Beyond Climate Change 101

Discovering a Life of Purpose Along the Way

by Julie Hall at ProgressiveKid

As with all meaningful change, there is no simple fix for our climate change crisis. There is no pill, band aid, 12-step formula, or “expert’s” advice to heal Earth or its life forms. There is no “clean” nuclear power that will preserve our current luxuries without risking even more environmental disaster, no green product that will redeem generations of overconsumption, no fluorescent light bulb that will reverse the excess of our industrialized systems, no recycling process that can restore forests, no zoo or seed bank that can preserve our world’s biodiversity, no replacement planet we can relocate to. For worse and for better we are stuck here with our mess and our weakness, our solutions and our strength. Continue reading

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Trust Your Kids: Raise Them Cage-Free!

by Julie Hall at ProgressiveKid

Parents are a jumpy bunch these days. Even before I had my daughter I was troubled by the prevailing attitude among parents that the world has become a place too dangerous to let kids be kids anymore. Popular opinion seems to be that it is now too risky to let children do time-tested things like play outside unsupervised, climb a tree, explore on a bike, or walk to school alone, all things my friends and I enjoyed as kids. Once I became a mother I began to witness first-hand the stifling paranoia among other parents about their kids’ safety and to see the effect it was having on kids. Not surprisingly a new major study by Play England, part of the National Children’s Bureau of Great Britain, found that half of all kids no longer climb trees and 17 percent have been instructed by their parents not to play tag or chase. Although 70 percent of adults reported having had their biggest childhood adventures outside in natural settings, only 29 percent of children have such opportunities today. Depressingly, most children reported having their biggest adventures in playgrounds. Continue reading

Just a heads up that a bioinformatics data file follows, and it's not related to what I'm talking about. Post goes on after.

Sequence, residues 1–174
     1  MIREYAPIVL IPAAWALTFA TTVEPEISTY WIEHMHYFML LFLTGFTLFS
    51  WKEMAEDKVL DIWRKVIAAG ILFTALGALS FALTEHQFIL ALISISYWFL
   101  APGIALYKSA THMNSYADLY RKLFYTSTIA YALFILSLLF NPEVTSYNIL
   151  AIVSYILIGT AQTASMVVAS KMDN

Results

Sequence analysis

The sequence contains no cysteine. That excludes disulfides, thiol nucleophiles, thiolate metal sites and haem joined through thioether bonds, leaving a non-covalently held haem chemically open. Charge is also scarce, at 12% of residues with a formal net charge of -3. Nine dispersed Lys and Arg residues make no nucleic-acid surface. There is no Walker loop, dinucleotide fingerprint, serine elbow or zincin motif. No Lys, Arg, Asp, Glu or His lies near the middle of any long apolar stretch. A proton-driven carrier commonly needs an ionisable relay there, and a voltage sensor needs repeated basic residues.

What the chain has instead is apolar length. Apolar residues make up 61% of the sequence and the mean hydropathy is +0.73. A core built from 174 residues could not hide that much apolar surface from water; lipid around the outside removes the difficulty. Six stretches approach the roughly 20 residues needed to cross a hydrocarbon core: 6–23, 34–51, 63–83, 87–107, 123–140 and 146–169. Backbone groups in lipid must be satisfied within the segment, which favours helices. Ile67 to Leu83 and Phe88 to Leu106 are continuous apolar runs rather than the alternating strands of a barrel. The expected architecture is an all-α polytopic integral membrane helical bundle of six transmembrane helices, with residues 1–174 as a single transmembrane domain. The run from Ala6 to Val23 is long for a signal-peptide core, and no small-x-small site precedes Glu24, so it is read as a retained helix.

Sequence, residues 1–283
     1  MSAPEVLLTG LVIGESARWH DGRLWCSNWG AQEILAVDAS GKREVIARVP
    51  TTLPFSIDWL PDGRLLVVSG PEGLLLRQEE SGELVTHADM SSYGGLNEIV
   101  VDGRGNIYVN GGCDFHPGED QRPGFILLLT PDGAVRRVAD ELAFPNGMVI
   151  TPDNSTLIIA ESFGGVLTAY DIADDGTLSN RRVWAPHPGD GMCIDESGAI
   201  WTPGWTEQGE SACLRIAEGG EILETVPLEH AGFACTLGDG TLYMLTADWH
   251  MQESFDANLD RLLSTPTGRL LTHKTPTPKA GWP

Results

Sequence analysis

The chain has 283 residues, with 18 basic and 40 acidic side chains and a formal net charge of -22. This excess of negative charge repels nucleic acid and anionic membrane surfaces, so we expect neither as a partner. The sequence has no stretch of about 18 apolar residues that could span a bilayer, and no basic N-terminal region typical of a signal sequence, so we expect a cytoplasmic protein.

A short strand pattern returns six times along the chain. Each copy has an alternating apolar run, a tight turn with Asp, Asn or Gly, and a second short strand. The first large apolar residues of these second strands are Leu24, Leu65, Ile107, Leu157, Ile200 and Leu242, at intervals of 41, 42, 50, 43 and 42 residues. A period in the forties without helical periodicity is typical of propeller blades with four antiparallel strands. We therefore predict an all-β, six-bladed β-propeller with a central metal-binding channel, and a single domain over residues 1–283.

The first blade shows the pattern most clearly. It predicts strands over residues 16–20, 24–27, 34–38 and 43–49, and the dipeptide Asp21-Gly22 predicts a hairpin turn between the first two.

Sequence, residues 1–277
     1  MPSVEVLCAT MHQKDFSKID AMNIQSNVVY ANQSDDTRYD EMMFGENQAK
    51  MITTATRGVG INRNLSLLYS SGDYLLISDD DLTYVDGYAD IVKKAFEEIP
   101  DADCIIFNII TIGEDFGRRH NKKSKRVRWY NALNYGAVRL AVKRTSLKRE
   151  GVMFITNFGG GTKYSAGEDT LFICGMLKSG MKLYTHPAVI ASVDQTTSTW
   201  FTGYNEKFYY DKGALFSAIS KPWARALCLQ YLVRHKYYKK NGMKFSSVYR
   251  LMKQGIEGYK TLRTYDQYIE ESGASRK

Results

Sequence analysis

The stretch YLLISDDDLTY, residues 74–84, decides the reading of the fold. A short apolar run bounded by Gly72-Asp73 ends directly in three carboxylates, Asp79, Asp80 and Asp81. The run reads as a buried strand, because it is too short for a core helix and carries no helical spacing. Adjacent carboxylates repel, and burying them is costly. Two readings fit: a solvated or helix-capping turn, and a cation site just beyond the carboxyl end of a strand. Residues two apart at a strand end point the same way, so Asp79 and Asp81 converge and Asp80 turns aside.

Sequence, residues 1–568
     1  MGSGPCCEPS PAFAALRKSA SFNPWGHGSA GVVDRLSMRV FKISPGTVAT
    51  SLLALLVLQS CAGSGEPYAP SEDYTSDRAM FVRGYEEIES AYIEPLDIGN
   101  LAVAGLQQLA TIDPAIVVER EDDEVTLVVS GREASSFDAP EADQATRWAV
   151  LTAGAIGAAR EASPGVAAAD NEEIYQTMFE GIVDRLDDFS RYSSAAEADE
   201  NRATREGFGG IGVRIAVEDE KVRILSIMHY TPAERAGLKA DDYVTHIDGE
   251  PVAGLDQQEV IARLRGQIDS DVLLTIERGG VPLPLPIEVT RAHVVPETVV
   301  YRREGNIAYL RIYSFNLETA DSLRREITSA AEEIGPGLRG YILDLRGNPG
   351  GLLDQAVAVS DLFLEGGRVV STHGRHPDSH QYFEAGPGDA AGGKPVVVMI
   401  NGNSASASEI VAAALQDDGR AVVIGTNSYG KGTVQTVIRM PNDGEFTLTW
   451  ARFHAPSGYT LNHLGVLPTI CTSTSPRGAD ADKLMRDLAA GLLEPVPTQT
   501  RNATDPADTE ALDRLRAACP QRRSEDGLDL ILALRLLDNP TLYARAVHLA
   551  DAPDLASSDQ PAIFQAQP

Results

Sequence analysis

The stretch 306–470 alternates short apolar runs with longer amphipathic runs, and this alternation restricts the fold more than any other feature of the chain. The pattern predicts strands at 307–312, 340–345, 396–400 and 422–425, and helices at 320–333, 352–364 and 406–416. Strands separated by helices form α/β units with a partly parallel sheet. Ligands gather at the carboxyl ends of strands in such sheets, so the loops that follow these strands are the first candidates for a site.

Golden Statue

Oscarby Sarah at ProgressiveKid

My daughter, a budding thespian, occasionally enjoys putting on Oscar-caliber performances designed to persuade her audience (me) to conform to her point of view. When she does this, I make a point of awarding her with an imaginary Academy Award designed to match her level of imaginary drama with an appropriate level of imaginary glitter. When this year’s Academy Award show came up, I decided to take the opportunity to show her a few minutes of the spectacle so she could see what I’m talking about when I say, “And the Oscar goes to . . .” . Continue reading